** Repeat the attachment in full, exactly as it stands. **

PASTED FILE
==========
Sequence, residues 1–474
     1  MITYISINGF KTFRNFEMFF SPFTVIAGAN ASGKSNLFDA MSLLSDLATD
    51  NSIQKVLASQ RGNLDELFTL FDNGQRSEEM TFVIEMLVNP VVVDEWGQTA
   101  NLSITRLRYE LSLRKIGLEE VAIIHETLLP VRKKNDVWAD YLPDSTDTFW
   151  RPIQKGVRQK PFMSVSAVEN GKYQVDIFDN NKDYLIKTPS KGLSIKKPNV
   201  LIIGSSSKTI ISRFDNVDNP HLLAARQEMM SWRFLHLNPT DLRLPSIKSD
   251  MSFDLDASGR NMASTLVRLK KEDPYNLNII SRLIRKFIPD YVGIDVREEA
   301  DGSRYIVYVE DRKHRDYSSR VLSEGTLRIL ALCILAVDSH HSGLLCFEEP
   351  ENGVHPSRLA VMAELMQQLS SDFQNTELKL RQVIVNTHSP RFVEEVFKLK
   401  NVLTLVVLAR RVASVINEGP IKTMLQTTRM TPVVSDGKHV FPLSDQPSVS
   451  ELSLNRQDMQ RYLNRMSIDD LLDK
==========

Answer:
Sequence, residues 1–474
     1  MITYISINGF KTFRNFEMFF SPFTVIAGAN ASGKSNLFDA MSLLSDLATD
    51  NSIQKVLASQ RGNLDELFTL FDNGQRSEEM TFVIEMLVNP VVVDEWGQTA
   101  NLSITRLRYE LSLRKIGLEE VAIIHETLLP VRKKNDVWAD YLPDSTDTFW
   151  RPIQKGVRQK PFMSVSAVEN GKYQVDIFDN NKDYLIKTPS KGLSIKKPNV
   201  LIIGSSSKTI ISRFDNVDNP HLLAARQEMM SWRFLHLNPT DLRLPSIKSD
   251  MSFDLDASGR NMASTLVRLK KEDPYNLNII SRLIRKFIPD YVGIDVREEA
   301  DGSRYIVYVE DRKHRDYSSR VLSEGTLRIL ALCILAVDSH HSGLLCFEEP
   351  ENGVHPSRLA VMAELMQQLS SDFQNTELKL RQVIVNTHSP RFVEEVFKLK
   401  NVLTLVVLAR RVASVINEGP IKTMLQTTRM TPVVSDGKHV FPLSDQPSVS
   451  ELSLNRQDMQ RYLNRMSIDD LLDK